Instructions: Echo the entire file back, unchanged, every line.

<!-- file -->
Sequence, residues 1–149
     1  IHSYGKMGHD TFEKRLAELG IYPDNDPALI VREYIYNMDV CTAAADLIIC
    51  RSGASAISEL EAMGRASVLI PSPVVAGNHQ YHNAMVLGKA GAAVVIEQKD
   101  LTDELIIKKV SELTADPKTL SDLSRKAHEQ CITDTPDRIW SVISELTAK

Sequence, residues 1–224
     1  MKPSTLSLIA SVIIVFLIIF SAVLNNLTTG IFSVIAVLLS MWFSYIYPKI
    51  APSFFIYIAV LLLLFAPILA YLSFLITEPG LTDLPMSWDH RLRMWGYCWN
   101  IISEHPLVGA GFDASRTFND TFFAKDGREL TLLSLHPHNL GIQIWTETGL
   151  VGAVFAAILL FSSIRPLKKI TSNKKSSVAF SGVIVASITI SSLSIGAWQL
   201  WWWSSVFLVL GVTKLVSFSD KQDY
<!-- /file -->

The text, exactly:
Sequence, residues 1–149
     1  IHSYGKMGHD TFEKRLAELG IYPDNDPALI VREYIYNMDV CTAAADLIIC
    51  RSGASAISEL EAMGRASVLI PSPVVAGNHQ YHNAMVLGKA GAAVVIEQKD
   101  LTDELIIKKV SELTADPKTL SDLSRKAHEQ CITDTPDRIW SVISELTAK

Sequence, residues 1–224
     1  MKPSTLSLIA SVIIVFLIIF SAVLNNLTTG IFSVIAVLLS MWFSYIYPKI
    51  APSFFIYIAV LLLLFAPILA YLSFLITEPG LTDLPMSWDH RLRMWGYCWN
   101  IISEHPLVGA GFDASRTFND TFFAKDGREL TLLSLHPHNL GIQIWTETGL
   151  VGAVFAAILL FSSIRPLKKI TSNKKSSVAF SGVIVASITI SSLSIGAWQL
   201  WWWSSVFLVL GVTKLVSFSD KQDY